Wednesday, December 17th, 2014

TK from Ling Tosite Sigure – Unravel

Sonia gives us a solo project from a Japanese emo band frontman…


[Video][Website]
[6.90]

Sonia Yang: Despite the increasingly stagnant landscape of J-Rock, there are still a handful of standout acts breaking the monotony. We’ve covered one of them a few times already. Another favorite of mine is Ling Tosite Sigure, a post-hardcore trio from Saitama climbing the charts with their distinct brand of ordered chaos. However, post-hardcore is still rather niche — bassist 345 (read as “Miyoko”) and drummer Pierre Nakano are aware of this and have creative outlets outside of the band, with the former dabbling in mellow shoegaze and the latter putting together Final Fantasy-esque drum orchestras and Perfume covers (the latter featuring “anti-idol” Seiko Oomori). Then there’s frontman TK, who sticks so firmly to his guns he appends the band’s name to his solo moniker. But instead of merely copy-pasting the band’s sound, he expands upon it by opting for cleaner drums and adding keyboards and strings, ultimately creating a more accessible, more “pop” version for mainstream listeners. One of TK’s greatest strengths is contrast, and “Unravel” is an excellent example — it seamlessly transitions from a floaty whisper to a glorious, angsty climax. Not a hair is out of place in the arrangement; the keys and strings are carefully measured and the bridge guitar solo is modest but in no way lacking energy. There’s the sense that TK can cut loose because of such precise calculation, not in spite of it. The lyrics may seem a tad trite for those unfamiliar with the song’s anime tie-in, but that’s not a real flaw.
[8]

Patrick St. Michel: The anime-theme-song business is a booming niche of the Japanese music industry, similar to how commercials have become a springboard for mid-tier artists in America to jump up a level. The grip of music labels isn’t quite as strong, meaning artists (the better ones) can get away with interesting sounds and spread them on a larger level. See: the ending credits of Space Dandy. “Unravel” isn’t quite as bold — the “emo revival” wasn’t needed in Japan, because emo fans never gave up on it — but does a lot right. TK’s voice, for one, is far more urgent than most Japanese rock singers — even his scream sounds like the air is being choked out of him — while the music blurs the line between chugging rock and dramatic orchestra bait. It’s knottier than a lot of similar Japanese rock, and a welcome sound to be broadcast to anime fans across the country.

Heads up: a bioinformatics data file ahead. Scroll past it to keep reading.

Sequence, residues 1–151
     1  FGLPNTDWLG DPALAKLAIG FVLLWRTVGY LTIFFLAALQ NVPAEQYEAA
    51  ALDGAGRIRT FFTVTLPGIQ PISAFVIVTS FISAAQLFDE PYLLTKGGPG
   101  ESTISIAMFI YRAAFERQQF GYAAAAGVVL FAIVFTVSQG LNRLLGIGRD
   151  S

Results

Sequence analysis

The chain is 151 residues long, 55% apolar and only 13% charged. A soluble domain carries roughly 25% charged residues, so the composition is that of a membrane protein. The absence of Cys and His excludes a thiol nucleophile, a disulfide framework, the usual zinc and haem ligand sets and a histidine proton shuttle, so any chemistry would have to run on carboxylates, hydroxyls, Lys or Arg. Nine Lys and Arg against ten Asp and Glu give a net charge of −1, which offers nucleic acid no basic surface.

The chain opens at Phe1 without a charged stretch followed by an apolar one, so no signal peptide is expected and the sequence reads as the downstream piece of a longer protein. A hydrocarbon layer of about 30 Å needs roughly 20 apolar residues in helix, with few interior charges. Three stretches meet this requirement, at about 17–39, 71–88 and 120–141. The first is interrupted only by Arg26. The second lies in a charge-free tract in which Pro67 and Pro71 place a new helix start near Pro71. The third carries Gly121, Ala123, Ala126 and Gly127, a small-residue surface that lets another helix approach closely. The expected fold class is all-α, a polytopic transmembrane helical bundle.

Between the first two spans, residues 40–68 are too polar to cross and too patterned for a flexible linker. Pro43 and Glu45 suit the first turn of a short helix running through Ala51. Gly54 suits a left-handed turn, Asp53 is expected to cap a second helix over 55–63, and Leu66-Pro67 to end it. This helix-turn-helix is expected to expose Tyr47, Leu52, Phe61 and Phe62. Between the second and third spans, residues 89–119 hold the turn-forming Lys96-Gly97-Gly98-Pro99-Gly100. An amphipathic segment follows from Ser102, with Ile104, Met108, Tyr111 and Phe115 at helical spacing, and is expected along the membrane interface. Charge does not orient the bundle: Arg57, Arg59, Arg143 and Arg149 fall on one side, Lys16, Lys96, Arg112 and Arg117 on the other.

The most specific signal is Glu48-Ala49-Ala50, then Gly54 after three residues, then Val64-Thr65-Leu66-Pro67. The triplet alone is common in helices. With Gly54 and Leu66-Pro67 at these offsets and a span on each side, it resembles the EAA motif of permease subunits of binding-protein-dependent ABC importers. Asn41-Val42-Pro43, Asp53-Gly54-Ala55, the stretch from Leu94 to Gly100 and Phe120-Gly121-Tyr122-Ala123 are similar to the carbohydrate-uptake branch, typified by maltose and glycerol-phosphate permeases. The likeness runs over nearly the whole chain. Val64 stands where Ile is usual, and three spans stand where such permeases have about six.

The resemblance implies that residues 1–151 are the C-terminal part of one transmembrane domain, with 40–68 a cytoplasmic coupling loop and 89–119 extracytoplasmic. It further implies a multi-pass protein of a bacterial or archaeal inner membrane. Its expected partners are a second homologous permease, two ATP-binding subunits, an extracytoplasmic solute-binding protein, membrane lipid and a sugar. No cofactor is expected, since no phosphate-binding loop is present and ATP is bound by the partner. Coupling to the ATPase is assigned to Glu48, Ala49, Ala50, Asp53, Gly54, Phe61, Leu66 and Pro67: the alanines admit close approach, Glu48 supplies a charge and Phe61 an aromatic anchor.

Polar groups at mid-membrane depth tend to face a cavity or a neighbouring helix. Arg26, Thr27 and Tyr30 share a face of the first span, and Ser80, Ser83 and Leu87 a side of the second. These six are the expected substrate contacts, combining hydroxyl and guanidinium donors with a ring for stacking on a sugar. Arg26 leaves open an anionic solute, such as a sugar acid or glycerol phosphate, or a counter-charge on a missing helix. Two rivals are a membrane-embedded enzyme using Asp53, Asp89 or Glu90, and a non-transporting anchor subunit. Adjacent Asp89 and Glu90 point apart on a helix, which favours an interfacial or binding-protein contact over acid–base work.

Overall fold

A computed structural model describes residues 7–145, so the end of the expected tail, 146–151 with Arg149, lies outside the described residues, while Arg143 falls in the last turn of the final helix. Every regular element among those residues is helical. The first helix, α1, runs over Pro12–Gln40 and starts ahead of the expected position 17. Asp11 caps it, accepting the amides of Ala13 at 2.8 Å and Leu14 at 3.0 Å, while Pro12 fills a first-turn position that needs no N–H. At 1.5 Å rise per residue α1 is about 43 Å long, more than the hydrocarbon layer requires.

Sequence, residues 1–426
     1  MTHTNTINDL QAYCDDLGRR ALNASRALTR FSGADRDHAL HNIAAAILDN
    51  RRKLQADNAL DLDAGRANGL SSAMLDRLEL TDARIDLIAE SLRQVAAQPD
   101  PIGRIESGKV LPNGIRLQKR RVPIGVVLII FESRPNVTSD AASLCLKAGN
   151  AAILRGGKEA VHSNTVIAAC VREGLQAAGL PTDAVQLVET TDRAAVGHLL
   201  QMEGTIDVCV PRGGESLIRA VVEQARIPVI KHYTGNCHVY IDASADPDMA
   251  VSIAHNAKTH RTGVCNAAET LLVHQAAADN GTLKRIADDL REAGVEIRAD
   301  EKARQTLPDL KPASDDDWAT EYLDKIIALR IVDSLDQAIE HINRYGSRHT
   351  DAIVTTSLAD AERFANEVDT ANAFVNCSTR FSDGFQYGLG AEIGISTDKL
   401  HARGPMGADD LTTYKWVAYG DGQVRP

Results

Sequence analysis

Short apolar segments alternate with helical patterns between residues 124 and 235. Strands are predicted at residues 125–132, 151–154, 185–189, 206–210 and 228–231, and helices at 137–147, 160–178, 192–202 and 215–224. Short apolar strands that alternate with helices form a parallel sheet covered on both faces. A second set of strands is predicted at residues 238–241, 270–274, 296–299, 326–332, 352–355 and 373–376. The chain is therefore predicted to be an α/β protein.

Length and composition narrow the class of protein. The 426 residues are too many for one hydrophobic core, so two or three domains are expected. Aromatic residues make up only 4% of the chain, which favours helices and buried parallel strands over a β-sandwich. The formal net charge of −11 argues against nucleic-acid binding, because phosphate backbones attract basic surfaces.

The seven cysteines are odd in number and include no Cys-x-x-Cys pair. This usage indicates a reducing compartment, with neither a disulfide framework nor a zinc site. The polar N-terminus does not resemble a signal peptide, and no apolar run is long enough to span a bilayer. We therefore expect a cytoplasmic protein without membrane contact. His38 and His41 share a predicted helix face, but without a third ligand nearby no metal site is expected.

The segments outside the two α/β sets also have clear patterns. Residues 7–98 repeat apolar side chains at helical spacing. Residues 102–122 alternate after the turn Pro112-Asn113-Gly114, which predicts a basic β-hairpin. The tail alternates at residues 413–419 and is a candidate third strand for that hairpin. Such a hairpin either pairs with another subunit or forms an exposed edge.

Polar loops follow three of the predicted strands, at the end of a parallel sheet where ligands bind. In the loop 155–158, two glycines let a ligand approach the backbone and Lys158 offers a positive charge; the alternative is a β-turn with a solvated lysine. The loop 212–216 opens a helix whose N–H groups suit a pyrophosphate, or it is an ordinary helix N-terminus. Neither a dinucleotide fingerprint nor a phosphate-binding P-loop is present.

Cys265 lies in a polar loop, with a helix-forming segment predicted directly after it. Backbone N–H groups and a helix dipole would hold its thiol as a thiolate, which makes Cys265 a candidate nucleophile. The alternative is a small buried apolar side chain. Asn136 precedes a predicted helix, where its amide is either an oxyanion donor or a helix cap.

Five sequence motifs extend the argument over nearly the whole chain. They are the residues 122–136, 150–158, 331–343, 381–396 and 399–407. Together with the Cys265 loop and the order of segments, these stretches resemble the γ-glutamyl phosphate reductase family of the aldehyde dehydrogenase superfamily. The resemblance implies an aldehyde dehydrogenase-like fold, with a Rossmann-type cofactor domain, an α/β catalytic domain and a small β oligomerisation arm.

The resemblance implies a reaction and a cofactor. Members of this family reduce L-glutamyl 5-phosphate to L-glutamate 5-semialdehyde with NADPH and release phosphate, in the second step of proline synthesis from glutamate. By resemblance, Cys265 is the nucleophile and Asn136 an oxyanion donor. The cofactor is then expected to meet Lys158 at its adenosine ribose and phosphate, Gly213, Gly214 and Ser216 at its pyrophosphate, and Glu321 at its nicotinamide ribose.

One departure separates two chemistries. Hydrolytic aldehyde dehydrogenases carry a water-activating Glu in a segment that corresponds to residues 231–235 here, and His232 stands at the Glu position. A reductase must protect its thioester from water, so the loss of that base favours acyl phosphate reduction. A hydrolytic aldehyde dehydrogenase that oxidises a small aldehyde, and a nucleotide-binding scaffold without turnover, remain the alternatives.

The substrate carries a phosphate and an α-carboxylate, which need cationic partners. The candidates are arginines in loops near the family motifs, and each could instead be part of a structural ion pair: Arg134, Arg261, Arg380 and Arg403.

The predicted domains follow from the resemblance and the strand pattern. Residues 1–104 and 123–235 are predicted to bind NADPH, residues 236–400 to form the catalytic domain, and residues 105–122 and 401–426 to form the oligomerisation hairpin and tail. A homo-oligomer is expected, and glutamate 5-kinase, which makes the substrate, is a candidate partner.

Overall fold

[7]

Josh Langhoff: Well, this is all kinds of delightful, in that they’ve apparently crammed in all the musical ideas that occurred during a night of fevered anime viewing. The “all” is an illusion, though — only careful planning could create something so uncluttered out of such abundance. 
[8]

Brad Shoup: This feints like a heart-on-sleeve ballad, but something’s up: the drums are too irritated. And then boom, it’s a proggy emo crime scene. Frantic jazzy fills, clusterfuck solos, post-rock chordage… TK’s got a lot of skins to shed, and each reveal is a thrill.
[7]

Iain Mew: I love the compressed emo sympathy of the first two minutes, crashing between TK’s impressive falsetto, piano and guitar wailing like he’s an impatient friend with a bunch of awesome stuff to show you and no idea where to start. After that he doesn’t have anywhere bigger to go and doesn’t quite manage to work the elements into a coherent song, but I’m always going to be willing to forgive that for something as affirmingly overdone as that beginning.
[7]

Will Adams: Hey, that’s nice that each instrument gets its own Guitar Hero solo. The falsetto is still on beginner mode, though.
[5]

Edward Okulicz: Every discrete thirty seconds of this is some kind of good, or some kind of interesting, but it’s kind of harrowing as an actual song. It might be that the falsetto over the top of every instrument, ramping emotions up to ludicrous levels as if sentient, is a little much to take.
[5]

Alfred Soto: Breathless vocals out of female R&B struggle to project over storm clouds of strings and guitar squalls.
[7]

Megan Harrington: TK sings with such an aggressive breathiness it sounds like he’s being actively strangled. His voice limps and rasps until it perishes and suddenly he and the whole band with him are transcendent. It’s death and rebirth in a single song. 
[7]

Madeleine Lee: A storm with a vulnerable core, no matter how much it tries to shield it.
[8]

Reader average: [8.83] (6 votes)

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2 Responses to “TK from Ling Tosite Sigure – Unravel”

  1. Thank you Sonia for the introduction to Ling Tosite Sigure *__*

  2. @Maddie – glad you like them! I used to find their sound a tad bit too chaotic for my liking (during the phase when I was obsessed with soft-voice twee folk singer-songwriters) but after listening to them more I love them. TK’s solo project plays to my tastes a bit more though both are good.